|A Caper White Belenois java butterfly passes through the garden|
For the past week there have been white butterflies passing through our garden in Canberra, lots and lots and lots of them. They are on migration moving across southern New South Wales, heading in a broadly easterly direction. The species is Caper White and during the peak number day - last Tuesday, the 17th - I counted an average of seven per minute pass through a hundred metre long corridor between our garden and those of our neighbours, which are aligned north-south. They were flying through all day, so I reckon that there were 420 passing through per hour, which would make a few thousand during one day. The main front seemed to go through that day, but there are still a few stragglers about, some of which might be stopping locally, others are still moving east.
|Almost all the butterflies were males, I maybe saw two or three that looked like they might have been female, |
but they never stopped so I could not be certain. Where are the females?
There were reports of them from a wide area around Canberra, so I wonder how many were in the flock? I saw similar numbers flying in the same easterly direction as I was walking and driving around the area, so the density was possibly at the same scale over a much wider area. If so, there would have been 4200 per hour crossing a one kilometre line. The plains area of the Australian Capital Territory is about 25 km wide from north-south which could have seen about 100,000 butterflies move through (I don't know if they passed over the forests and ridges, but if so that would bring the ACT width to approximately 90 km and approximately 400,000 of them).
|A stop to re-fuel|
So, if they were flying for about 10 hours that day at the same density (which they seemed to do near me) there would have been approximately a million passing through the ACT in that one day. Even if these figures are wrong, there were numerous butterflies on passage for a few days, so overall there would likely have been more than a million altogether, possibly many more. And the butterflies were flying across a wider area, hundreds of kilometres wide across neighbouring parts of New South Wales, so how many million were there on migration. Where did they come from and where did they go. I know many were seen down at the coast about 200 km to the east, and many must have stopped there, but why were they moving from west to east. My friend and local butterfly recorder, Suzi Bond will, I hope, come up with the answers. She dropped me an email about half an hour after I first noticed the unusual number in the garden. She had seen them too.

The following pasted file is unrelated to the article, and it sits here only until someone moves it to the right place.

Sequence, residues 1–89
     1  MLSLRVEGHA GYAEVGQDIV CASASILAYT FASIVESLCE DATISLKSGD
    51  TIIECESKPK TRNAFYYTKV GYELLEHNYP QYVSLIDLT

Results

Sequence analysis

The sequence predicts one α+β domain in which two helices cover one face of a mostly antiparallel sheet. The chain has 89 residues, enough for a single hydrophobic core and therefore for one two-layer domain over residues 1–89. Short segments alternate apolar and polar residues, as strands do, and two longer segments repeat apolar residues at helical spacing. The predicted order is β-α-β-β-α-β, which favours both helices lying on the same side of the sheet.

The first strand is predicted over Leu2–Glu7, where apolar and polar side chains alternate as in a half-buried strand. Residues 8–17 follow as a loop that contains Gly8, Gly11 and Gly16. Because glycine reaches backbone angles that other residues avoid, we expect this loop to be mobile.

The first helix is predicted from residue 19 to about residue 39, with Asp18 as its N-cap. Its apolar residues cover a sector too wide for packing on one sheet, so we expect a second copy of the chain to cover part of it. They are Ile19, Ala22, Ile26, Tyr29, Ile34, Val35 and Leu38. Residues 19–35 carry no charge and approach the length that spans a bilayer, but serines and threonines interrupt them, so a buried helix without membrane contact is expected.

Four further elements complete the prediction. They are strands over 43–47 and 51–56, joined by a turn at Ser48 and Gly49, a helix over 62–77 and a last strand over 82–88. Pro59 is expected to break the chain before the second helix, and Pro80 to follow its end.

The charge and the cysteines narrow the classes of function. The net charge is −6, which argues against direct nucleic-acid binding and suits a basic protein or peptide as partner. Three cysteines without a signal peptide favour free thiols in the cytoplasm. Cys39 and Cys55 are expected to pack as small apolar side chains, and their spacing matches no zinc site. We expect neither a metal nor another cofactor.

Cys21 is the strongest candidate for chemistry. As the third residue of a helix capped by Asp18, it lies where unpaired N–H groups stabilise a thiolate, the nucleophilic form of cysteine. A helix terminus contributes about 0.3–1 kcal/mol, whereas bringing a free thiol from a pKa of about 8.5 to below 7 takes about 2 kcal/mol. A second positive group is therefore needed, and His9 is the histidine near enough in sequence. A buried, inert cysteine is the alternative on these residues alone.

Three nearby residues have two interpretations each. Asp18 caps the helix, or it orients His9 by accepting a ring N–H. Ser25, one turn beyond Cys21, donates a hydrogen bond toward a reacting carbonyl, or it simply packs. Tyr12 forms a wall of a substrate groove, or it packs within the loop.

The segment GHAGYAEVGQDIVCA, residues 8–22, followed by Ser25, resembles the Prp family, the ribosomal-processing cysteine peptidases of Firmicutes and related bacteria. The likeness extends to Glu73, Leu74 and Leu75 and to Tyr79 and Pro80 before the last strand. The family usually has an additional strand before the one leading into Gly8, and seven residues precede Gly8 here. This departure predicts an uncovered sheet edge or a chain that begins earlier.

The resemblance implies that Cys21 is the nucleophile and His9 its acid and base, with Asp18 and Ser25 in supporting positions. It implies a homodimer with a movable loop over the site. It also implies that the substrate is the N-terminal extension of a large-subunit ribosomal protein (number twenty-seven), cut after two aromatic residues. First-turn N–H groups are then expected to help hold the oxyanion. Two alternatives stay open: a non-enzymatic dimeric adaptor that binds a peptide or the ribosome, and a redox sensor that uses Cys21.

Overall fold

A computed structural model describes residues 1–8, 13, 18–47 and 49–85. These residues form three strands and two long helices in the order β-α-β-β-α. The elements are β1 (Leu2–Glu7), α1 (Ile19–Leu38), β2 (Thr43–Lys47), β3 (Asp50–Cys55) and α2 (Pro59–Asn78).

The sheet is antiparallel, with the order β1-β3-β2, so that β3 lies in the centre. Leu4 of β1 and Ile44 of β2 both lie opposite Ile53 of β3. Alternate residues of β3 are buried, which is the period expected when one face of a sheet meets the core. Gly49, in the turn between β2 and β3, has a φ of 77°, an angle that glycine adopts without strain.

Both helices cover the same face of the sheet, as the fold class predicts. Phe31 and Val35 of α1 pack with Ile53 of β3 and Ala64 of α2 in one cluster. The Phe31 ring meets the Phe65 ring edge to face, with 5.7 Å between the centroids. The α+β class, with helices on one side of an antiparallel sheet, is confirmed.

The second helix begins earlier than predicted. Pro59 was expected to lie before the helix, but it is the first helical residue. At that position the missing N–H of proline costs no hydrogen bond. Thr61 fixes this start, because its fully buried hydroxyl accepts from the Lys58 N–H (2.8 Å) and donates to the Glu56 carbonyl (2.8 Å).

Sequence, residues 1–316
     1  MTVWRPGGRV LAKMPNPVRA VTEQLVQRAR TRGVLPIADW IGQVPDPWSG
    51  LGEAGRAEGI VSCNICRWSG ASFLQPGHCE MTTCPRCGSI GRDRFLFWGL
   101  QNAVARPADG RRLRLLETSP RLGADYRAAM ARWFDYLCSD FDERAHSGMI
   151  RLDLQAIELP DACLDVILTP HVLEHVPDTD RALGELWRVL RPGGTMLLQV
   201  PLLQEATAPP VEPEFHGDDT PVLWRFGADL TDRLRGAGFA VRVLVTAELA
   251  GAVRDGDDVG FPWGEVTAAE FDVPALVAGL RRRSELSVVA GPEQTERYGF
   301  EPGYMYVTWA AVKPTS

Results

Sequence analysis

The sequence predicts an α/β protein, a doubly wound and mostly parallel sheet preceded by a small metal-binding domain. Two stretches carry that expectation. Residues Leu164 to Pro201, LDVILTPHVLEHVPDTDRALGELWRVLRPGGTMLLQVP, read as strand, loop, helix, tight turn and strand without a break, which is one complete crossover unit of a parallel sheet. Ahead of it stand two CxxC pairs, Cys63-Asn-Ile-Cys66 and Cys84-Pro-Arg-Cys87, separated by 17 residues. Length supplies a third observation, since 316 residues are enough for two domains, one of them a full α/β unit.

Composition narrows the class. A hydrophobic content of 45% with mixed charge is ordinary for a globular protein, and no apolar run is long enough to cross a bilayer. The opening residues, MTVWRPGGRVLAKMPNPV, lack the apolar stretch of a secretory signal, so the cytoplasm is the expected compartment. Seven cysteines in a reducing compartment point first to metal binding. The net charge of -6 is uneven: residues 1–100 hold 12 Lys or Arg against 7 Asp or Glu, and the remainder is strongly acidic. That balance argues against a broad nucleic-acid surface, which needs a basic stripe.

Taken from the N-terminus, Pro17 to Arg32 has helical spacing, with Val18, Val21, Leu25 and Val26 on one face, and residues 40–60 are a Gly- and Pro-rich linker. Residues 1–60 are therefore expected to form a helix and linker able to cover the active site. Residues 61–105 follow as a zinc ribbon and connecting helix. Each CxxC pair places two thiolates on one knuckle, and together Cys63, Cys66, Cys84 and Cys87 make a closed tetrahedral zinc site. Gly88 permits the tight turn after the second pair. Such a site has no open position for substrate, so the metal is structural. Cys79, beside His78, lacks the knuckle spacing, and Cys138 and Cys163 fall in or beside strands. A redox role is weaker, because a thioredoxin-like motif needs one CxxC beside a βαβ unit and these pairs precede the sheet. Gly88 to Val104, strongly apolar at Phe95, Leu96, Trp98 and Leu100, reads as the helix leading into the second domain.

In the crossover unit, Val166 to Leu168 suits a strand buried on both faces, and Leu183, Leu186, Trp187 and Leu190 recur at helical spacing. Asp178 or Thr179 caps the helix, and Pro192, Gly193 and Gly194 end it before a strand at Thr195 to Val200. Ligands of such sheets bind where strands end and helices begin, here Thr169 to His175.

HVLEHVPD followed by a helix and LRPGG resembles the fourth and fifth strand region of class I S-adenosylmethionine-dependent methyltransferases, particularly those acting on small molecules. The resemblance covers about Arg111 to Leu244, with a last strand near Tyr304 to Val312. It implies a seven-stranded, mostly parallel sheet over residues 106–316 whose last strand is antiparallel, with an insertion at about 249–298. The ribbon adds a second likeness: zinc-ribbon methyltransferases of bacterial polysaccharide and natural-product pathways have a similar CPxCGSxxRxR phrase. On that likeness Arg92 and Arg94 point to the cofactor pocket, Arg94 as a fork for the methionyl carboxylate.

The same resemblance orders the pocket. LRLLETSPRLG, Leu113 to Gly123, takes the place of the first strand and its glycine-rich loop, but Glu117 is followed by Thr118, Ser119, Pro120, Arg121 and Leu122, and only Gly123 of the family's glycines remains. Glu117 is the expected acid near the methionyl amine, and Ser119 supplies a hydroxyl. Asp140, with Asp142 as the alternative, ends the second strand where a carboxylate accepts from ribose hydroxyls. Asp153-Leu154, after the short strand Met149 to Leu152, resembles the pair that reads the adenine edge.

|How many flowers were pollinated by so many butterflies?|
This sighting reminded me of a similar butterfly day I had a few years ago while driving from West Wyalong to Canberra. That was through farming country, mostly wheat and canola oil. There was what seemed to be a miriad of Cabbage White Pieris rapae butterflies along the road verges. So I counted, well estimated, how many there were per kilometre of road and for how far along the road. It was a three hour drive and there were clouds of them for most of the way. There were x between the road and the field fences per one kilometre strip and I traveled y kilometres with them at similar densities (I forget the exact detail of the count, but I do remember the total as it was so mind-boggling). I saw at least 2,000,000 Cabbage White butterflies in one day. And there were many, many more farther into the fields, there were flickers of white all over the landscape, dotting the canola crop especially. Those butterflies weren't migrating though, there just seemed to have been an enormous synchronised emergence.
Two true wildlife spectacles, played out by common garden insects. Wonderful.
|A male with ragged wing edges - how far had he flown?|